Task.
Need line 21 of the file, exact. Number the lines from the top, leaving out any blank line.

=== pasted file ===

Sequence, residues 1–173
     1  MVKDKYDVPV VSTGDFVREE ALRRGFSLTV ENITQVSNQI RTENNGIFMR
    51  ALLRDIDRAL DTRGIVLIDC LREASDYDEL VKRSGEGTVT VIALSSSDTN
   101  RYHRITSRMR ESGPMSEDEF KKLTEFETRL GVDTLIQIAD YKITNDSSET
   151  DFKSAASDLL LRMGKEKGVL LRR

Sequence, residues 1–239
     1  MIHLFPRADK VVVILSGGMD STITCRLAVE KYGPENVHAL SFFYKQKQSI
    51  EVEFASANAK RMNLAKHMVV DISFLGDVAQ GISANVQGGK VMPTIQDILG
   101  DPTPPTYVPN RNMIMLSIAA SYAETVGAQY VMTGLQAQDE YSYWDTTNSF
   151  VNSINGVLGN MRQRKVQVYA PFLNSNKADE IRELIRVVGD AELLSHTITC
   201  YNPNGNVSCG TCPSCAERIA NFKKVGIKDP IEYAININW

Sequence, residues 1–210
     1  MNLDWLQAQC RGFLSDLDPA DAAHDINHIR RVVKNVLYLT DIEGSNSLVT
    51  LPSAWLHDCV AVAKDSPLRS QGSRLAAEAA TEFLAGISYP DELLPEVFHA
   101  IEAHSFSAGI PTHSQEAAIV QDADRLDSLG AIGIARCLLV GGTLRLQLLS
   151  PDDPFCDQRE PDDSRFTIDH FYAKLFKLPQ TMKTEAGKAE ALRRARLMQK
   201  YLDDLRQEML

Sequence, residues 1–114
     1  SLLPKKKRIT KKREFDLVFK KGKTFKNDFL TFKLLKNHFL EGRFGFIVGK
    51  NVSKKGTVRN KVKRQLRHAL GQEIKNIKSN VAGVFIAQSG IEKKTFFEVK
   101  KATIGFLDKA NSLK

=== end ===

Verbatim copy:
   101  KATIGFLDKA NSLK